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Biomedicine in museums

The visual bias of the word 'display'

The previous post made me think about how we use the word ‘display’. I always use it as a synonym for visual display. But in principle, I guess, the display of medicine could involve any of the senses: auditory, olfactory, tactile etc..

My spontaneous ‘visualisation’ of the display category reflects, I suppose, what has been called the ‘hegemony of the visual’ in contemporary Western culture. That is, the other senses are subdued in cultural representations. It’s an issue that has been explored by, for example, Ian Heywood and Barry Sandywell in their edited volume Interpreting Visual Culture: Exploration in the Hermeneutics of the Visual (1999), and which also underlays a classic essay on ‘scopic regimes of modernity’ by Martin Jay.

‘The hegemony of the visual’ is probably often pretty unproblematic since much of the contemporary world can safely be reduced to its visuality (just see all those who walk around town with an iPod that blocks out all urban sounds). In representations of medicine, however, such hegemony seems inappropriate. Even though medicine is characterised by so many ‘scopic regimes’ (from microscopes to PET-scanners), it is also a very multisensuous practice.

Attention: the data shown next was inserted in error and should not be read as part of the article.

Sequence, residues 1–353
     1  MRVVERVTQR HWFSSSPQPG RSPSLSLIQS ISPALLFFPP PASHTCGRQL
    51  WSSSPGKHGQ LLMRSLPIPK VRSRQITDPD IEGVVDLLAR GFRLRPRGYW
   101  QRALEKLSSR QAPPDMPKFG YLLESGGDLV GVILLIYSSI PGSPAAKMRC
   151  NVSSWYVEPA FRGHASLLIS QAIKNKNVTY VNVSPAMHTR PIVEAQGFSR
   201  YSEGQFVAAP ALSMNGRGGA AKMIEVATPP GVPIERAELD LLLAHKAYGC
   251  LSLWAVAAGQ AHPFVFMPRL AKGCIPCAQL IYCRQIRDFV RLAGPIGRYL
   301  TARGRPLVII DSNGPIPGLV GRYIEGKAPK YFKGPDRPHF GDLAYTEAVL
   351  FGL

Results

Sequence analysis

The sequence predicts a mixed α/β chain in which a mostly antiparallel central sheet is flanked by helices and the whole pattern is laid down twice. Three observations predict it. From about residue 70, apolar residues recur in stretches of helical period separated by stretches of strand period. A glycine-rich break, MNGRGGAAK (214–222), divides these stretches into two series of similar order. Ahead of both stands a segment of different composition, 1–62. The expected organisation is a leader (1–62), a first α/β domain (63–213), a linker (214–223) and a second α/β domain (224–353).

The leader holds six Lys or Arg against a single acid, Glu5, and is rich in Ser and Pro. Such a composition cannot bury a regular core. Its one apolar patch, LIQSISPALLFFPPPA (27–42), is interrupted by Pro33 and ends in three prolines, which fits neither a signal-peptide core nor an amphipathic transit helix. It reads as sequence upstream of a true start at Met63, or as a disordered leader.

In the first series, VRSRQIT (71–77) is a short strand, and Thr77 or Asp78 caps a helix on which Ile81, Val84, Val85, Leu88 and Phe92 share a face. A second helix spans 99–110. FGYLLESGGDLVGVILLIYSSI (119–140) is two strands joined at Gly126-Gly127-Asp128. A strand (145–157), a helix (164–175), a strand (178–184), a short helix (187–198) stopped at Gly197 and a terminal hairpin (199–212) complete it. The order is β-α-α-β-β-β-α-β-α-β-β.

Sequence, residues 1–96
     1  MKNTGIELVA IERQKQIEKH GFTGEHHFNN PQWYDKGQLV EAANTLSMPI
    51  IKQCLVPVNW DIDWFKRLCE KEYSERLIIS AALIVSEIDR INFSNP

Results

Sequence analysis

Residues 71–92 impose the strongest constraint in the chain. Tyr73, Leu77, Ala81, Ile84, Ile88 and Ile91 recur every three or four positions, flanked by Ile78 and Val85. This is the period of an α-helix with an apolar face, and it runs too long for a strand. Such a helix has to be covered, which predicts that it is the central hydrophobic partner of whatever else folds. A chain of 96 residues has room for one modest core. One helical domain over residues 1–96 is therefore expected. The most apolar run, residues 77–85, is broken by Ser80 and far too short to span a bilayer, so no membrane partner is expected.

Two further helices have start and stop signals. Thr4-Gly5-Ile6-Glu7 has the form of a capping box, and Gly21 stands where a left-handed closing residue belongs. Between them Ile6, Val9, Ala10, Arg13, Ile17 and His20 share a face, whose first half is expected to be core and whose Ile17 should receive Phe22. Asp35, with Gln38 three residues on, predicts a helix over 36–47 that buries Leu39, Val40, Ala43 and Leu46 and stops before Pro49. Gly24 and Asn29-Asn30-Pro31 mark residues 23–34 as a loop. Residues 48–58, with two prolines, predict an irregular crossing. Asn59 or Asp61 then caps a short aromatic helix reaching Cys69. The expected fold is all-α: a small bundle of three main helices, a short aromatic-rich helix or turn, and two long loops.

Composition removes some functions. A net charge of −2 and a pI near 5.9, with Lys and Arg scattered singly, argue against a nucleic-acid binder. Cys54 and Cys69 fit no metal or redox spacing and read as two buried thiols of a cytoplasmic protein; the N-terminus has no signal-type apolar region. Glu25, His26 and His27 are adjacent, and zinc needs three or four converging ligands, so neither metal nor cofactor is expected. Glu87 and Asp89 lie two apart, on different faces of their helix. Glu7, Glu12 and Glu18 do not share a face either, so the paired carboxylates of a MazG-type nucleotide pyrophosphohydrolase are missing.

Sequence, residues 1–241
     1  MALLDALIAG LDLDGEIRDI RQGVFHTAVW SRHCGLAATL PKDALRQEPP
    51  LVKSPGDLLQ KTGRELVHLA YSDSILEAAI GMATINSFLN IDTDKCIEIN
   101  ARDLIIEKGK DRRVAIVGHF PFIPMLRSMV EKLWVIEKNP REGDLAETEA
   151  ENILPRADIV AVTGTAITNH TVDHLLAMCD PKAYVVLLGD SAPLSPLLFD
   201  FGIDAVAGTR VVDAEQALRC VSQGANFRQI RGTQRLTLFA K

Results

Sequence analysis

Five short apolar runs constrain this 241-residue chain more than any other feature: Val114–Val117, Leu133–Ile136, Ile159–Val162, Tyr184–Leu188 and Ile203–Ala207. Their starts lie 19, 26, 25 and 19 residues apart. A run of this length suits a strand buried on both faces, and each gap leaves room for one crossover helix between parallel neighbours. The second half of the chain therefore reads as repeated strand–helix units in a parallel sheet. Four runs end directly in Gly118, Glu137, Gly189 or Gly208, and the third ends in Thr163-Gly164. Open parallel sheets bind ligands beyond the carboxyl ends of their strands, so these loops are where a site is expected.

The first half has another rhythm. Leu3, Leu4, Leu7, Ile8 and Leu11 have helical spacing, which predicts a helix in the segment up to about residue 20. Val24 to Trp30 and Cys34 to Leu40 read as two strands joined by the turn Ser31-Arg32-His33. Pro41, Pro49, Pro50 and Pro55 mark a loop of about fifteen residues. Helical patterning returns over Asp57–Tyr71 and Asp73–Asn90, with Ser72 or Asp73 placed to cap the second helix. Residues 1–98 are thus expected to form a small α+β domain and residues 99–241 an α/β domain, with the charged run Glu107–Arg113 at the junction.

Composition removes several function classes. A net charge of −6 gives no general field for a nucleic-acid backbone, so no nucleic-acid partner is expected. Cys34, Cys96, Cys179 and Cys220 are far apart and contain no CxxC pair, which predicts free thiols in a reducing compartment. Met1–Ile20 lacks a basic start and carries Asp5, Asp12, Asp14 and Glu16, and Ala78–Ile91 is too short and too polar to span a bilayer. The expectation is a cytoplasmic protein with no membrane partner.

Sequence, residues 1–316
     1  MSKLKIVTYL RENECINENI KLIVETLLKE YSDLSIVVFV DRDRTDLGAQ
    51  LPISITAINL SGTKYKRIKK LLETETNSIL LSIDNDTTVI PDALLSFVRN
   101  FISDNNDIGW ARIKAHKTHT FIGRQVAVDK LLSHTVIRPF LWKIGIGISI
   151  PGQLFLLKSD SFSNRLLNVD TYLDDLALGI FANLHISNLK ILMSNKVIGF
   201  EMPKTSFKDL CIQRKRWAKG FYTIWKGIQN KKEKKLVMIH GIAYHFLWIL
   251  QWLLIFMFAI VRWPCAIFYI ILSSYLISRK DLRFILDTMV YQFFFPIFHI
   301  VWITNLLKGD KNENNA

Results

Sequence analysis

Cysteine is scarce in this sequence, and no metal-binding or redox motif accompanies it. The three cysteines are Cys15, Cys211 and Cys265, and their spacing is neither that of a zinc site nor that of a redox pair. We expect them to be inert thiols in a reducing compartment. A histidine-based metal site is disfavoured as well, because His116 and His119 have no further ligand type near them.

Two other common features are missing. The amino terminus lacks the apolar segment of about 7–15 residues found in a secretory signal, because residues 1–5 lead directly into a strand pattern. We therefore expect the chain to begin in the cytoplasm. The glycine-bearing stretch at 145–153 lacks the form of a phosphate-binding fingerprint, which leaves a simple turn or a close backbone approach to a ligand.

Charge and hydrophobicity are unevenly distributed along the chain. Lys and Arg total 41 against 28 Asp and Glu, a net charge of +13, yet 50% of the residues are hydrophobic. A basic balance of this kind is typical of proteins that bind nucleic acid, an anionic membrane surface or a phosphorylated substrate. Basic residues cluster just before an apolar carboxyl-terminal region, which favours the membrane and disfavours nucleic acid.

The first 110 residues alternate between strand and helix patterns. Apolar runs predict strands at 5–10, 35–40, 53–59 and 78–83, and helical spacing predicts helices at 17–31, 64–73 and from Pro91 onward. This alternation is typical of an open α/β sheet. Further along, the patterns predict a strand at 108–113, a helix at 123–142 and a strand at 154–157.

In other words, the life of the clinic involves as much smells and sounds as a bazaar in Damascus — the smell of infected wounds, the vapours of desinfective agents, the metallic sounds of instruments, the humming of monitors, and so forth. And few social worlds (except perhaps contact sports) involve as much touching as the hospital clinic.

Many museums (e.g., war museums) have brought sound into their exhibitions, but so far I have not been impressed. Maybe because the sound effects are precisely effects, i.e., they are added to the visual representations in order to arouse emotions in the visitor. But they are usually not thought of as independent representational domains.

A truly auditory representation of contemporary medicine is probably best experienced on radio. But olfactory representations need an independent space, like a museum. So, who starts the first olfactory medical museum display where you can experience the (at least initial) sensation of ether or chloroform anaesthetics, and the smell of gangrenous bodily decay?

Thomas Söderqvist

Author Thomas Söderqvist

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